Perfectionism is the Voice of the Oppressor, and Other Stories…

I was going through some old notebooks and journals the other day, and found another note that my teenage self had written to the grown up me.  There are a few of these gems scattered in my things — messages I wrote as a teenager that were aimed at my thirtysomething self.  In fact, my lifetime of journaling contains more than a few items that comprise a dialogue between me and myself, across decades.

It’s weird, and wonderful, and probably one of the best things I ever did for myself — remembering as a child to give instructions to the Meredith I hoped I’d become one day.

(And then, of course, there are notes to girlfriends; messages to myself about what I want to think; margin marks about my teenage life…and I remember that I was thirteen, sixteen, nineteen, twenty five when I wrote these things.)

But more than one of these notes says, “Perfectionism is the voice of the oppressor.”  As if my young self knew that the perfectionist instinct — that weird hamster churning its wheel in my head — would derail me more than once in my adult life.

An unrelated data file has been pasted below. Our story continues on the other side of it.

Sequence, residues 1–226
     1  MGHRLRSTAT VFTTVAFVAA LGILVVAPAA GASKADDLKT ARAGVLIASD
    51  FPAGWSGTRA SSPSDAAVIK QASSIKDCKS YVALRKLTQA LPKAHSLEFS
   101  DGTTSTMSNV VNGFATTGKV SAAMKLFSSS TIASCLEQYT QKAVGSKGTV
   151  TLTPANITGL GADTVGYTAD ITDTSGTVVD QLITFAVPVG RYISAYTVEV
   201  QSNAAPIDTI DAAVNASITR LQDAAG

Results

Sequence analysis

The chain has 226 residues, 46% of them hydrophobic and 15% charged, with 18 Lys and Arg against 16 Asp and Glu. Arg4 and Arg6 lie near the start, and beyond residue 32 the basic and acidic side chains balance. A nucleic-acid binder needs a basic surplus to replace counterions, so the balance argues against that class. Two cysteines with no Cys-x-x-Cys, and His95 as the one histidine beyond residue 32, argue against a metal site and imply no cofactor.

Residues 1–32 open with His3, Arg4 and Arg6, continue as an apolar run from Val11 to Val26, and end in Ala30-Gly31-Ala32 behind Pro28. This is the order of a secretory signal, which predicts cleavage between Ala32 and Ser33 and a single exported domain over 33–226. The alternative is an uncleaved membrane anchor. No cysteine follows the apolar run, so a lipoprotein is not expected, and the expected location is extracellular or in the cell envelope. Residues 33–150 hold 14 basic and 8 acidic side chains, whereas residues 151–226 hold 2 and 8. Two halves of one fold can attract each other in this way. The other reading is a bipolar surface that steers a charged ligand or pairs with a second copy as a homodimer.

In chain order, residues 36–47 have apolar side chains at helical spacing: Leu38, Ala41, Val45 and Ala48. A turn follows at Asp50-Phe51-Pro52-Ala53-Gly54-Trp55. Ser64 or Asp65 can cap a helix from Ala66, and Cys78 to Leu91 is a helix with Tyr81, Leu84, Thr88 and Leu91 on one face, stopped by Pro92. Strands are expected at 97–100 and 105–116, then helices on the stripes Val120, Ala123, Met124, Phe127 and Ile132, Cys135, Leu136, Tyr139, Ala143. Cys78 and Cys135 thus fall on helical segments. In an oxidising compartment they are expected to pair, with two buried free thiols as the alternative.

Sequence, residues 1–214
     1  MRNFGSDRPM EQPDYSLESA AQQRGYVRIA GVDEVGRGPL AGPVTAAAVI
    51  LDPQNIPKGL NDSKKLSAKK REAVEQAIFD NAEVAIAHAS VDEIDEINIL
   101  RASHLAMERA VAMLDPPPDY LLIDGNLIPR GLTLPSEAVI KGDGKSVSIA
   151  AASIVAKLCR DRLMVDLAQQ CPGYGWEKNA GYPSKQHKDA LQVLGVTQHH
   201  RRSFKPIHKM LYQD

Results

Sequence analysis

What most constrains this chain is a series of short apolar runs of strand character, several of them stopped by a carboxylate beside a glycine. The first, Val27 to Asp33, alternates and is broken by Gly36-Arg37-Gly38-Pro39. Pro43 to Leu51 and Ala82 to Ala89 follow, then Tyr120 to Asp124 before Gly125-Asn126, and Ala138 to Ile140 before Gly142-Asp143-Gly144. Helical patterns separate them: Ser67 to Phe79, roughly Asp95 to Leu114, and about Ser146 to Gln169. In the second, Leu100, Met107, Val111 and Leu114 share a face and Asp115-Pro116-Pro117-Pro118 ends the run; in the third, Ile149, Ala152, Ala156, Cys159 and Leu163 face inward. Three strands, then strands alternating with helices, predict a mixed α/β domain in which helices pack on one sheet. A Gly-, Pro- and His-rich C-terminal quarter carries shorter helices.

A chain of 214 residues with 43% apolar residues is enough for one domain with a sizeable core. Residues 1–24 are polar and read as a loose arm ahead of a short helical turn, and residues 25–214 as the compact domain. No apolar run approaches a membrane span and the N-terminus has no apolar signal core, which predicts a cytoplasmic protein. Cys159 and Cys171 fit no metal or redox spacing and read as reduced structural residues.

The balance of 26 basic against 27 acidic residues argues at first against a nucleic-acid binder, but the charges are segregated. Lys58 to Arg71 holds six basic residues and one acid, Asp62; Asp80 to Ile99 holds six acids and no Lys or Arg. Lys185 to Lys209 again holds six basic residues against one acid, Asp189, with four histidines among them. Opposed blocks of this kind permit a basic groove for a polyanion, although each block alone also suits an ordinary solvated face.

I wish my younger self hadn’t cared so much about judgment — by the world and by grown up Meredith.  And I wish my marginally older-but-perhaps-not-wiser self hadn’t cared so much about perfection; form over substance.  There was a time when I thought my life would  be complete with the right bag or dress; my marriage would have been happy if I’d just had enough spoonulas or the right color of matching tea towels; my household would be full of love if I just selected the correct Diptyque scent.

My life is messy; imperfect. I’m starting to accept that.

And in accepting imperfection, I realize how wise my younger self was.

There will be (many) days when I still wish my life were perfect — when I resent the puppy and the shag carpet that sheds and the tub that backs-up and the neighbors whose dinner is stinking up my apartment.

But then I remember — I do — that perfectionism is the voice of the oppressor…and I think about letting go.


Leave a Comment

  1. Wise words – I am always trying to let go of perfectionism. Not letting perfect be the enemy of the good. Enjoying the fun of failure is not my forte, but I am seeing that I fail to do so many things I want to do for fear of imperfection.

  2. Do you (either of you) feel like you need someone around you to teach you how to be more easy-going, spontaneous, up-beat no matter what, imperfect? Or do you feel capable of teaching yourselves by way of simply choosing? Do you feel worse when around people who are exactly what you used to be and are trying so hard not to be?

Leave a Reply

Fill in your details below or click an icon to log in: Logo

You are commenting using your account. Log Out / Change )

Twitter picture

You are commenting using your Twitter account. Log Out / Change )

Facebook photo

You are commenting using your Facebook account. Log Out / Change )

Google+ photo

You are commenting using your Google+ account. Log Out / Change )

Connecting to %s